A Tale Of ‘Too Big To Fail’ In Higher Education
"For the last two years, the City College of San Francisco has operated in the shadow of imminent death," The New York Times' Upshot reports.
"Its brush with mortality illustrates a much larger problem in higher education. Millions of students are enrolled in colleges accountable to no one other than accreditors that lack the will and authority to govern them. Because the consequences of closing these institutions are so severe, they have become, in effect, 'too big to fail.' …
Politicians generally take a hands-off approach to higher education. While many big-city mayors have staked their careers on turning around troubled K-12 school systems, it is rare to see a major political effort focused on fixing dysfunctional local community college. Slots on public university boards of trustees, which are ostensibly charged with protecting the public interest, are often given as political favors to donors and alumni.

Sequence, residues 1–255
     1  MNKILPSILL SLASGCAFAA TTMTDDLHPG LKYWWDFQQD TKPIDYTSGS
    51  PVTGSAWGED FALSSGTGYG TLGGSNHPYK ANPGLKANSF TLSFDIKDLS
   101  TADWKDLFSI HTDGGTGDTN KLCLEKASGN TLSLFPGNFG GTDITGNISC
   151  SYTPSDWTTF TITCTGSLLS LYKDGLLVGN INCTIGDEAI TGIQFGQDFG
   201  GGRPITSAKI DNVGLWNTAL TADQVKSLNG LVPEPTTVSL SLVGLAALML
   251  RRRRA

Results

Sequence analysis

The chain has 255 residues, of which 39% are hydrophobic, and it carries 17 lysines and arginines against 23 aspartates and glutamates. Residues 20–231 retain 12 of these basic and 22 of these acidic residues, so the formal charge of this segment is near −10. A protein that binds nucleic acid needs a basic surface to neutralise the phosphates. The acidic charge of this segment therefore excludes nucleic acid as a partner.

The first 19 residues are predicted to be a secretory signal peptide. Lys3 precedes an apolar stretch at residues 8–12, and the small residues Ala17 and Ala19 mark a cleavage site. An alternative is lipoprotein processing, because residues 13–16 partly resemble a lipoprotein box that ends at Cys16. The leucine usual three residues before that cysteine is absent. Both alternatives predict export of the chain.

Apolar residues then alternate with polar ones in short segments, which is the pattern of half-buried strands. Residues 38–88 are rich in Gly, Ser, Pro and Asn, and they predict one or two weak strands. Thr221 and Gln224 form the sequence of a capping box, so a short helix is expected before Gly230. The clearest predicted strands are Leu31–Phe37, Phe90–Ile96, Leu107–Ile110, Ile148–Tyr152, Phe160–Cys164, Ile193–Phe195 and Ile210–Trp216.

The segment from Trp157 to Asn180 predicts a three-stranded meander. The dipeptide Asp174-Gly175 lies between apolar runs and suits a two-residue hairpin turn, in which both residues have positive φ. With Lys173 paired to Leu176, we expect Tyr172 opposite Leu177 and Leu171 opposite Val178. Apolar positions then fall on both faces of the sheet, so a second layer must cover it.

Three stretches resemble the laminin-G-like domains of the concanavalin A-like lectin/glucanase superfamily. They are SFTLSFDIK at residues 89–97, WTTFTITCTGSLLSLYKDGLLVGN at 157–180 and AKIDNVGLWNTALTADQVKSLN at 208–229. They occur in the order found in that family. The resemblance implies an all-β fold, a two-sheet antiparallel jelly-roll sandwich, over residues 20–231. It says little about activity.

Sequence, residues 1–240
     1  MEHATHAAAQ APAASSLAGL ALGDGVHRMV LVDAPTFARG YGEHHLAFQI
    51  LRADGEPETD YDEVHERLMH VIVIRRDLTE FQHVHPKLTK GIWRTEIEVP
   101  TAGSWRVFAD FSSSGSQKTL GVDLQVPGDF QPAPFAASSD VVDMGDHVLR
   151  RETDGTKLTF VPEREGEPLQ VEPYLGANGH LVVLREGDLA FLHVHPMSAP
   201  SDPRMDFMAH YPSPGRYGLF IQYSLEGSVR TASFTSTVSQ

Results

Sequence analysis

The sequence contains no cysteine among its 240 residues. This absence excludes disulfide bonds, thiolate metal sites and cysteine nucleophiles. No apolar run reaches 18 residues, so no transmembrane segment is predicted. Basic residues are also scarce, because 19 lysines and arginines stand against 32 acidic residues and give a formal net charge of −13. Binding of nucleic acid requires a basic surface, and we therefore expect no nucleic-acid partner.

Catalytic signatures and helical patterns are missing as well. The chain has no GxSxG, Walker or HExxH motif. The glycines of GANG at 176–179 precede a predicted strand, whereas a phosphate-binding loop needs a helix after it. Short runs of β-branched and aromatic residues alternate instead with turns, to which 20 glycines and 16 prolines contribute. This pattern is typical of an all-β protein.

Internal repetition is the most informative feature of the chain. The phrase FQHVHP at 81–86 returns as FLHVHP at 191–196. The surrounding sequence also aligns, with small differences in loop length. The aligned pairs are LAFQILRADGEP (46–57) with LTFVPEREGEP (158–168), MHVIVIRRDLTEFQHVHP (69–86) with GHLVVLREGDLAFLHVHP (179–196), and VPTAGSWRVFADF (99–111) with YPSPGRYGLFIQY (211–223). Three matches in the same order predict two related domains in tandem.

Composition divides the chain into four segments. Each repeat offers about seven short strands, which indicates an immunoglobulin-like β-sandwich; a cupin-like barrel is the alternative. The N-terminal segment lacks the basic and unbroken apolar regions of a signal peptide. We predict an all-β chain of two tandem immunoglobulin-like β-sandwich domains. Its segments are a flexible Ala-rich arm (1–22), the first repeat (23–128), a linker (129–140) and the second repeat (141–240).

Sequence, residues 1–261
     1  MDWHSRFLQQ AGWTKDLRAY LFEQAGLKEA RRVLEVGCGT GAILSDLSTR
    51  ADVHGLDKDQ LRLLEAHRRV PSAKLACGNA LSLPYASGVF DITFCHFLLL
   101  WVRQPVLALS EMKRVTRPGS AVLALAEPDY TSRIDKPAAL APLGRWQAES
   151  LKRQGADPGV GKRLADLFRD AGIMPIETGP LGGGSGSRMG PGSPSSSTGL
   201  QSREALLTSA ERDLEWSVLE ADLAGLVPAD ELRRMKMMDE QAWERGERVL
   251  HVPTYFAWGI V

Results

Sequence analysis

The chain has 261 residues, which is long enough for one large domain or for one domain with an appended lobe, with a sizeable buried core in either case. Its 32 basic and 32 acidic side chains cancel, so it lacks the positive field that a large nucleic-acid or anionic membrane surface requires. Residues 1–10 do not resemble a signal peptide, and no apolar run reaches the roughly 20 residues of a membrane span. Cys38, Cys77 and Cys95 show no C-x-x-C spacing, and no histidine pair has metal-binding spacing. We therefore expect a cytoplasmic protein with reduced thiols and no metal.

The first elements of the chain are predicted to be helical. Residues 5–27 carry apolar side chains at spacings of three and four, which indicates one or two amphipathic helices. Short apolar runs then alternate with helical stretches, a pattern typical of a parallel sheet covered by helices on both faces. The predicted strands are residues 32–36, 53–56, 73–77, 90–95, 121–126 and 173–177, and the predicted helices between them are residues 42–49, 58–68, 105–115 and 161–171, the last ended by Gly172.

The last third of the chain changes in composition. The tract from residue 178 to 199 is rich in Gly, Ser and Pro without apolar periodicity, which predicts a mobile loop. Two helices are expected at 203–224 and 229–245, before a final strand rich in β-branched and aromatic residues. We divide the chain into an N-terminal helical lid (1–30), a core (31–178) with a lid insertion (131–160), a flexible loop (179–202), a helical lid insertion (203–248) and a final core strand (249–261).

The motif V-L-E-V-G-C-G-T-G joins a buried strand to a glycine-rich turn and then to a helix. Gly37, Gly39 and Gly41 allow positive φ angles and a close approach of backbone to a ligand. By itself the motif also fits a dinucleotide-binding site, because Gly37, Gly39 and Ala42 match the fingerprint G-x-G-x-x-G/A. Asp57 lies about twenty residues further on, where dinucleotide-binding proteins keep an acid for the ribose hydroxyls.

Private nonprofit colleges are subject to little, if any, direct oversight, even though many of them receive a vast majority of their revenue from federal financial aid. For-profit higher education corporations have received greater scrutiny in recent years, including Corinthian Colleges, which is in the process of closing down in the face of declining enrollment and multiple government investigations into its marketing practices and job placement rates. But Corinthian’s shutdown is happening in spite of the accreditation system. All of its campuses remain accredited today. And federal regulators are far less likely to scrutinize a public institution like City College.
It all adds up to unaccountable, too-big-to-fail institutions that are falling behind the rest of the world when it comes to helping students learn and making sure they graduate."
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